With Sam, I was itchy all over my belly. My doctors said that I really just had to live through it, and so to cope I used everything topical available to me. It got so bad I would even use half a bottle of the Banana Boat Aloe Vera Sun Burn Relief Gel a day. At least it smelled good. The allergy did go away after I gave birth… but I will not lie; the three weeks that I had to endure it were sheer torture.
We fast forward to this pregnancy, this winter, where the irritatingly itchy splotches and the dry skin all re-appear at about the same time the weather turns. Only now it’s not just on the belly; it’s on my upper shoulder blades, on my back, and on my thighs too! I am scratching like crazy and applying hydrocortizone creams by the gallon. Still, the same advice was given to me: grit and bear it and soon it will go away. “Soon” is relative as you know, as I still have 9 weeks left, instead of three. My thought bubble: horror horror HORROR!
Thankfully (I do say this a lot don’t I?) one of the gifts we received from my OC Mommy-friend was an Aquasana shower filter. I’ve read about Aquasana and the health benefits of filters and how it can help asthma-related conditions. In addition to that, there are studies as well on their website with evidence that the filter removes synthetic chemicals in the water to make it cleaner and healthier. You’d think it was clean to begin with right? Apparently not! Anyway, so we install the filter and I use it.
I kid you not, but after only 3 days I stopped using the creams already. There were still splotches visible at the time, but they were not bothersome anymore. After about a week, my skin was splotch-free. No itch, no irritation, and it doesn’t get that dry as often.
We’ve been using the shower filter for over a month now and my allergies have not returned (HURRAY!). In fact, because I noticed Sam and I scratch at the same time on the same body parts, I’ve made a conscious effort to make sure she showers using the filter too, as a preventive measure.
There’s so little that we actually know about our water, and how we think it is clean enough to drink or bathe in. Particularly for new moms with young kids or expectant mommies, I really believe these kinds of filters will do our families good. It’s worth the investment if it means less medication and less trips to the doctor. Wouldn’t you want that kind of relief, or peace of mind? I know I would!
I learned a lot of new things today when I took Sam to her first pediatric dentist visit here in Chapel Hill.
First of all, I’d have to say my perception of dentists growing up was not the best. It may have come from my own very first visit (at least the one I can remember) to my grandmother’s trusted veteran dentist (he was pretty much her age – go figure). The room was dark, the chair was big and the tools looked scary. Worst of all there were whizzing and drilling sounds coming from the other cubicles, which can make any child’s imagination run wild. I guess it didn’t help either that back then, the “young once” would use scare tactics to keep your oral hygiene in check.
Haunted by these memories, I waited until the very last instance that I possibly could to take Sam on her first visit (Our pediatrician had to tell me on our 2nd year check-up, “it’s about time you went.”). As it turns out, it wasn’t half as horrifying as I’d anticipated.
Learning #1: Pediatric Dentists exist! That’s something I never really knew; to me a dentist is a dentist is a dentist. Apparently there are a pedia-dentists in Manila too (I thought it was only here in the states), and for some reason it is not common knowledge. In fact I think a lot of my mommy friends take their children to their personal dentists. Which brings me to my next point…
Learning #2: Pediatric Dentists are not a common topic amongst moms. Strangely enough I feel that with the many discussions I’ve had with my contemporary mommies, the topic never came up. That baffles me since we normally talk about everything and anything when it comes to our kids. Is it because we think there is no difference between our dentist and one for infants and toddlers? But… (next point)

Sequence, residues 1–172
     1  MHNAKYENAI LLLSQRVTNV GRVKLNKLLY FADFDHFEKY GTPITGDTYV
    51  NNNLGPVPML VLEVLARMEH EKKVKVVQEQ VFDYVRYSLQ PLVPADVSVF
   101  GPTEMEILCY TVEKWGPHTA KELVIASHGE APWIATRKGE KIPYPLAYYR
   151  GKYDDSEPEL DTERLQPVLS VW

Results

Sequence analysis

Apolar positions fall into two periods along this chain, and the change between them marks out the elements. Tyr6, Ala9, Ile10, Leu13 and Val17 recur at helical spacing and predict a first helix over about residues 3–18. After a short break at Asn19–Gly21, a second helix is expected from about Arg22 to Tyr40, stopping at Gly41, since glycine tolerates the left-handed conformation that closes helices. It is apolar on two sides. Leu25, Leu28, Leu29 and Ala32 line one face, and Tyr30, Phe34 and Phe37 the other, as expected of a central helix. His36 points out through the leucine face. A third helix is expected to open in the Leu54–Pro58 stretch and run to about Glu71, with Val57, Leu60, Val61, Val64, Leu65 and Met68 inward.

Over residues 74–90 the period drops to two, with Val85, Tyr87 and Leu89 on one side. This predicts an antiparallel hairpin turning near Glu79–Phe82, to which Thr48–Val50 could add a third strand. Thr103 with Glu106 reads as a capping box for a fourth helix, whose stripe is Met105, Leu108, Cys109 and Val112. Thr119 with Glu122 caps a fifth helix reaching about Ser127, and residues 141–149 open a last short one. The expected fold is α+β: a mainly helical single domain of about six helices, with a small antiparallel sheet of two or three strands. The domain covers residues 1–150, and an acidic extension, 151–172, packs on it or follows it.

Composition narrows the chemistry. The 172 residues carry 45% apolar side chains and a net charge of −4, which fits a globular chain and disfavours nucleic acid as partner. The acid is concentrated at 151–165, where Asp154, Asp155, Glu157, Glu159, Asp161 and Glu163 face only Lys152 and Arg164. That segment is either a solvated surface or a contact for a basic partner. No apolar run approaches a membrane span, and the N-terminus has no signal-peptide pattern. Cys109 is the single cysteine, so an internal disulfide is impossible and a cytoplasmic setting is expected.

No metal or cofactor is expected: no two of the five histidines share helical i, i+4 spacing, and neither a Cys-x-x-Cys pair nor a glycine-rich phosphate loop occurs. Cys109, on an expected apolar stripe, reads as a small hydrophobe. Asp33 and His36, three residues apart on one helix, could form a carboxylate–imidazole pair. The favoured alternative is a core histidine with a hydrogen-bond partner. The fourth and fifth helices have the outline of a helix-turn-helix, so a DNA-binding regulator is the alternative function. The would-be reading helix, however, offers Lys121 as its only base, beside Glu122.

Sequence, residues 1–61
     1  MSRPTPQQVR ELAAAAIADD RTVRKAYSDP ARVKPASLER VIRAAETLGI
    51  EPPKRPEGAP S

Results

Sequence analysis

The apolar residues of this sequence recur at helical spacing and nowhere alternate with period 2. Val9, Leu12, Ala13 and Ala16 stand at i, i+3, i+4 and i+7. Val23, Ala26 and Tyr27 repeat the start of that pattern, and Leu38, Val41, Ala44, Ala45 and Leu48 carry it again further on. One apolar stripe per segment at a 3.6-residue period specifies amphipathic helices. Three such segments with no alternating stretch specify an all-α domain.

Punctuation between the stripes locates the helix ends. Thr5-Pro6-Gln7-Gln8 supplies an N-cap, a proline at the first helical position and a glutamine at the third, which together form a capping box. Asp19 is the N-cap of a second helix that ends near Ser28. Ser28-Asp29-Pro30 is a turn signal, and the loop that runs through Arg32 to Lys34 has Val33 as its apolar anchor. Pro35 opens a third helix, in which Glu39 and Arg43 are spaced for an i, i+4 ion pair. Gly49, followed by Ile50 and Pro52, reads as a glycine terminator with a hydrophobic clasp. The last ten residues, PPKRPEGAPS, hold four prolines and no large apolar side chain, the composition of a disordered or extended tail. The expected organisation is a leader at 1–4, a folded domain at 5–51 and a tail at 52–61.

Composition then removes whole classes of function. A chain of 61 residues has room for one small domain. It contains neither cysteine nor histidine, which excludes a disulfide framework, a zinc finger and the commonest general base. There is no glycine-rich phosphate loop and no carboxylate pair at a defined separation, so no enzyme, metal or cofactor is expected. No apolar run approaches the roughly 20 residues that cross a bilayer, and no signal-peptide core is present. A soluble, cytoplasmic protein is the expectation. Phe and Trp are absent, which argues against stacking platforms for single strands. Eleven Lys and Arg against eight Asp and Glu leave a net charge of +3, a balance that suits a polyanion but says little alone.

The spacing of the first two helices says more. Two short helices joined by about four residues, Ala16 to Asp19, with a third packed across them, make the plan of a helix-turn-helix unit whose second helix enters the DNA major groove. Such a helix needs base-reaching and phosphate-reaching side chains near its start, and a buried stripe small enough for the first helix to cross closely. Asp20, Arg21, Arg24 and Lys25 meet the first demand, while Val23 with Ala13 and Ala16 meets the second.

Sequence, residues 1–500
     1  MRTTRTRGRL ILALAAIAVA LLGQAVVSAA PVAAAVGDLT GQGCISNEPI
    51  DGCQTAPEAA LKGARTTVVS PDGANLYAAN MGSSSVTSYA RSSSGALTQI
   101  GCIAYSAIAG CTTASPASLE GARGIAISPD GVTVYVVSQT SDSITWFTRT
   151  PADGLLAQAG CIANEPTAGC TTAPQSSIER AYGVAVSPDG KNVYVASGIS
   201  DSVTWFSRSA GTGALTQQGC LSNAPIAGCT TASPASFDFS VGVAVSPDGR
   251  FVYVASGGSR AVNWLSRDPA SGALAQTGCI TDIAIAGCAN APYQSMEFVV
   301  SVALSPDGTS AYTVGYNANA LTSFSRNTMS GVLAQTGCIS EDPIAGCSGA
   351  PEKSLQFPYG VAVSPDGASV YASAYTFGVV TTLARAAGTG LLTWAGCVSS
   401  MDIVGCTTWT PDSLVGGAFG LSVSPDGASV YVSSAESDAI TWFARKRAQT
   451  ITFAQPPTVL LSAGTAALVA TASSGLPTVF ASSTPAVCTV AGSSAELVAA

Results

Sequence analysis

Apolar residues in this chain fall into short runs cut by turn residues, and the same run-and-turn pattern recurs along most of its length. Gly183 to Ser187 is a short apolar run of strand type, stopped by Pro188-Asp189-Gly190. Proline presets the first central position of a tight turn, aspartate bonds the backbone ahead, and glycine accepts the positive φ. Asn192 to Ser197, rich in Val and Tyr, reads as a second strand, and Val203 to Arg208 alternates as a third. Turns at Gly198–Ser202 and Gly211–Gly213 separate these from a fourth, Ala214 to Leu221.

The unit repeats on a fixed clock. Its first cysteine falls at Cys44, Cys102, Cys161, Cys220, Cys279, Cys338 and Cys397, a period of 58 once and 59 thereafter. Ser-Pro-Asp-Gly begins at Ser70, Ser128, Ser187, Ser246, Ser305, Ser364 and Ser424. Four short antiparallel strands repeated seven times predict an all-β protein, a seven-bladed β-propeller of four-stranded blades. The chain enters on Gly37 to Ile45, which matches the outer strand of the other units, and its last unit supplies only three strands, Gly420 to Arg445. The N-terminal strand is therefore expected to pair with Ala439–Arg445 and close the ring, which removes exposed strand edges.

Learning #3: There is a difference. The experience alone says it all. So we went to theChapel Hill Southern Village Pediatric Dentristy, and their office had a waiting room filled with toys and a tree with colorful things hanging from it (Their office website pictures don’t do it justice — I must make a mental note to bring the camera next time). Then they took us to a private room, which was filled more with toys and books than dental instruments. It looked like a playroom with toothbrushes and a computer, instead of a dentist’s office with toys. It was the friendliest set-up I’ve seen. You couldn’t hear what was happening in the other rooms too, so it wasn’t scary in the slightest.
There wasn’t even a dentist’s chair. When it was time to brush Sam’s teeth, the office assistant made me sit on one ottoman while she sat opposite me on the other, and she put this nicely soft smaller version of a changing mat on our laps. We were suddenly a makeshift dental chair for people 3ft and below (I wish I had a picture!). Sam didn’t complain — in fact she willingly opened her mouth to get it brushed, and then flossed. Apparently, we must floss toddler teeth at least once a day (did you know that?).
Then the dentist came in to count her teeth, check for cavities and put a fluoride coating with what looked like a paintbrush. They constantly engaged her in what they’re doing in an effort to keep her calm. Sam cried more because her playtime was disrupted, than from anything they did to her. After, we were declared cavity-free, and Sam received her toothbrush, toothpaste, a sticker, and a rubber toy fish. She also got her name on a leaf — which she hung on the office cavity-free tree as we walked out.
I think I only started to have a good experience with my dentist in 2005. I was 28, and I never took home a rubber toy fish.
Learning #4: Positive associations last. I was told that a pediatric dentist in Manila said it’s okay for a child to scream after being pinned down on a first visit. According to my source, her daughter was traumatized by the experience. Of course it’s not okay! There is something in that little brain of theirs that will re-trigger the memory or the feeling, and then you are screwed for life. I think that’s what happened to me. Conversely, Sam said to me as we paid the bill, “did you have fun at the dentist Mommy?”, which by her sentence structuring standards, meant it was a pleasant experience after all.
I realize that here, the doctors, dentists and nurses make such a conscious effort to ensure the children aren’t anxious or scared from their visits, no matter what procedure is done. It is light and fun and easy and not just a routine on another client. They treat the kids like little people (as it should be!), and don’t just talk above their heads to their parents, which is how I feel a lot of the practicioners back home do it.
There is a lot to be learned from a pediatric dental visit, even for mommies like me. Well, there’s always a first time for everything.